"I certainly would have preferred to have the federal government being there, ... putting up funds for the customs plaza, but I think the important thing right now is that it's moving forward," Peters said.

"The key right now is to have ... a commitment from the federal government to make sure that plaza's fully staffed as is necessary to operate it and continue to expand trade between Canada and the United States," added the Bloomfield Township Democrat, calling the bridge "an incredibly important infrastructure project" for the state and federal governments.

As designed, the bridge will provide direct access between Interstate 75 and Interstate 94 in Detroit and Ontario Highway 401 through a parkway in Windsor. Formal talks between the two countries toward construction of the bridge began a decade ago, and a feasibility study was completed in 2008.

Jim Ellis, an East Lansing commercial truck driver, was ecstatic about the deal and said he can't wait for the new bridge to open.

"Oh, the Ambassador, what a nightmare it was," said Ellis, who doesn't currently make trips into Canada but soon will again. "The deal was just getting on to the bridge — all the traffic and the traffic lights in Windsor."

The crossing between Detroit and Windsor carries more than one-quarter of all merchandise trade between the two countries, currently by way of the Ambassador Bridge and Detroit-Windsor Tunnel. The two countries estimate goods and services worth an amount approaching $2 billion flow between the U.S. and Canada daily.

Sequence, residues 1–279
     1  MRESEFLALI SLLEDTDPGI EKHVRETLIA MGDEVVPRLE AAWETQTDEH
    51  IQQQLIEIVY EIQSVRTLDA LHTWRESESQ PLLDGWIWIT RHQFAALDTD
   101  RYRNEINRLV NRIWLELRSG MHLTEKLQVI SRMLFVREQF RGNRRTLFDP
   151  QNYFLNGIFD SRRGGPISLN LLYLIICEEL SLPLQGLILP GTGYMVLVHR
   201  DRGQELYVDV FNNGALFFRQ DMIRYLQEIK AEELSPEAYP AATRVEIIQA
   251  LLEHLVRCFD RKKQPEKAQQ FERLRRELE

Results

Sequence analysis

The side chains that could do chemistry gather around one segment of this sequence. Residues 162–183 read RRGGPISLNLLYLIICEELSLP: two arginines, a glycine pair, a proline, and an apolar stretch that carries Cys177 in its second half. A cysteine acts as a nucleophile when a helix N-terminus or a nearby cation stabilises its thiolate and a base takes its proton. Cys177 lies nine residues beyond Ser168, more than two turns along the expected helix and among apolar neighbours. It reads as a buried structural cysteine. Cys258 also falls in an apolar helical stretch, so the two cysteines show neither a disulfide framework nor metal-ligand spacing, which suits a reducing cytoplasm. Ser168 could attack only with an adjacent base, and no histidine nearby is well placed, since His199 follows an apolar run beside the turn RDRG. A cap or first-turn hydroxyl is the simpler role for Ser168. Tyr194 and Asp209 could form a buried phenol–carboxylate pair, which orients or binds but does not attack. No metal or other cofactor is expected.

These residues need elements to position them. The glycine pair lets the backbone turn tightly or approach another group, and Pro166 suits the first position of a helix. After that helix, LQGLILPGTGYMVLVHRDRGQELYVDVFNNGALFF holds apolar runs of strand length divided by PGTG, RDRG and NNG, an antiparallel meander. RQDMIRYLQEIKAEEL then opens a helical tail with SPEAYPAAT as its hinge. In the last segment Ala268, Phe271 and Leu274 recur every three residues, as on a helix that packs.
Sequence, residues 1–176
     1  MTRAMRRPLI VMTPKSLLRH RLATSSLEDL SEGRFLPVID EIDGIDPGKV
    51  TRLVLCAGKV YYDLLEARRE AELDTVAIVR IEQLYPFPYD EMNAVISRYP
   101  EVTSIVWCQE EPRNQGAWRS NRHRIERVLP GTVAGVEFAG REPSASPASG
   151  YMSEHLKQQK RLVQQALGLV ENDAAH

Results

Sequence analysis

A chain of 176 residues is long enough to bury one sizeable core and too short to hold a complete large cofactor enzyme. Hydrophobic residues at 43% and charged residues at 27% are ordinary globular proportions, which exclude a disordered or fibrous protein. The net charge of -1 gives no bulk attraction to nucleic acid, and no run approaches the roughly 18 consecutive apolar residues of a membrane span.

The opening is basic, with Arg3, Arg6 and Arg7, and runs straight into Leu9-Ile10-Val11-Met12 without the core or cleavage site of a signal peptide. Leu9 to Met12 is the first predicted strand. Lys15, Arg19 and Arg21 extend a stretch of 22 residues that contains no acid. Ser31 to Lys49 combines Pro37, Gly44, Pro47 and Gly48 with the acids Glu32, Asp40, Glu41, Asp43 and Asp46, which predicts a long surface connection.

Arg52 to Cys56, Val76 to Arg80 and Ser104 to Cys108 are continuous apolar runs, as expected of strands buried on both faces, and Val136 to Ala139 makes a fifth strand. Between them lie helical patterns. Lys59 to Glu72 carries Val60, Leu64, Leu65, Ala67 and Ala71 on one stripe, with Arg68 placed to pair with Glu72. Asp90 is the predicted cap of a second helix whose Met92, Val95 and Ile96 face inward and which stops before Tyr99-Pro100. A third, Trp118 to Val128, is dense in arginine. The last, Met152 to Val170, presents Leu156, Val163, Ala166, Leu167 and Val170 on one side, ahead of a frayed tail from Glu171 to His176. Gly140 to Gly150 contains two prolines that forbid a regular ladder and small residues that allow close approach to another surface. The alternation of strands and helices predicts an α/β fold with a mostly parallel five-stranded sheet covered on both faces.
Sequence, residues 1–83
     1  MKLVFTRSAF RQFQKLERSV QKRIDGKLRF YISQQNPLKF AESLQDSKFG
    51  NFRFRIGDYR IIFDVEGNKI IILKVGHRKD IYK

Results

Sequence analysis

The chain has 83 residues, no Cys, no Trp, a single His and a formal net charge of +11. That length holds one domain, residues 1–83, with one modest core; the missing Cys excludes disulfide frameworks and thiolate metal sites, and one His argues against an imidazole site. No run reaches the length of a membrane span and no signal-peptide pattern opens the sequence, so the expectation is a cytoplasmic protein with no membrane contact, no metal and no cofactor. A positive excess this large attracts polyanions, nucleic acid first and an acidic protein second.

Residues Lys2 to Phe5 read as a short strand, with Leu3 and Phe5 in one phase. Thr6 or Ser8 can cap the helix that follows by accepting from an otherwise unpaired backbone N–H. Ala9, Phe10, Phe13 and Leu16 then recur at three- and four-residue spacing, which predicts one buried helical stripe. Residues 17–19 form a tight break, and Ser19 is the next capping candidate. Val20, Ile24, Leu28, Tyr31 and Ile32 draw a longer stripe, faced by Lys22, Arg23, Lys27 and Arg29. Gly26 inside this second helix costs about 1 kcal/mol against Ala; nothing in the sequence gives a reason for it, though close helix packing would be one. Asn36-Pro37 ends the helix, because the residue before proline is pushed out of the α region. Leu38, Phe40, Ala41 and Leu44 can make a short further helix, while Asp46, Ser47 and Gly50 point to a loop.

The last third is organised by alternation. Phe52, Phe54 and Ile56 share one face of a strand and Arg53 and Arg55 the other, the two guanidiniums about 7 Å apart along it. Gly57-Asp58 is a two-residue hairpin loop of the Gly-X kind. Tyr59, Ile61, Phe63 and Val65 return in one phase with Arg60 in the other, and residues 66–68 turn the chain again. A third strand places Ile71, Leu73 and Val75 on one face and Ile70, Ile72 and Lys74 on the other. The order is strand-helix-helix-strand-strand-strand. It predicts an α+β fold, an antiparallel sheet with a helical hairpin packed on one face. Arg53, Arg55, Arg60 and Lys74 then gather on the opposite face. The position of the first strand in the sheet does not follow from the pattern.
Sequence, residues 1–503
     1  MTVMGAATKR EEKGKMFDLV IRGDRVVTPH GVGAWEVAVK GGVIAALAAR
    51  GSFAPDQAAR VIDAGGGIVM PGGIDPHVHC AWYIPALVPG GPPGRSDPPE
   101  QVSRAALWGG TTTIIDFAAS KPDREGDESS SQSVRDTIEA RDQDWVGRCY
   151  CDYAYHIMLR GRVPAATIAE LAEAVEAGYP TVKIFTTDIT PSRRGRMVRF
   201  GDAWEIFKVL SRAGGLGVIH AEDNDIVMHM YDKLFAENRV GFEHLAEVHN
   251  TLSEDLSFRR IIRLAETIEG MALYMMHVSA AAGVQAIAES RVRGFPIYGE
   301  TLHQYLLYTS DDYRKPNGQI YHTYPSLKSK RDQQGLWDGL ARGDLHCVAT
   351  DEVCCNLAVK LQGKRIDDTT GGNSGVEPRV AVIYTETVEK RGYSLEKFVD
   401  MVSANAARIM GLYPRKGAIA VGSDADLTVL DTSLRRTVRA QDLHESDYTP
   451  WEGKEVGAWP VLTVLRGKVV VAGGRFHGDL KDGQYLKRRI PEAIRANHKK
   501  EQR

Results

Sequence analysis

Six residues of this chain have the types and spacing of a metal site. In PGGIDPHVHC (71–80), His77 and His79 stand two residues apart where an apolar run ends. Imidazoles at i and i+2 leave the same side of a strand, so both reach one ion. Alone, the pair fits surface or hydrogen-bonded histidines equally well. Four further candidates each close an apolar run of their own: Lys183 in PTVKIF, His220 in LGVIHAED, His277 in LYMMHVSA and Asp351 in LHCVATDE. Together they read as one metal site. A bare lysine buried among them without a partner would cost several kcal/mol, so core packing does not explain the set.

The process to build a bridge began in 2001, and a 2004 joint U.S.-Canada study concluded that additional border-crossing capacity was needed for reasons including increasing traffic volume, economic security and national security concerns. The State Department approved a permit for the new bridge in 2013.

Last year, the U.S. Coast Guard issued a required permit for a publicly owned bridge from Detroit to Canada — clearing another key hurdle in the high-profile project.

In addition, a federal judge in Washington in 2014 rejected a legal motion to force the Coast Guard to issue a permit to Ambassador Bridge owner Manuel "Matty" Moroun, who wanted to build a second span across the Detroit River to handle traffic while it repairs the Ambassador so it can compete with the publicly financed bridge.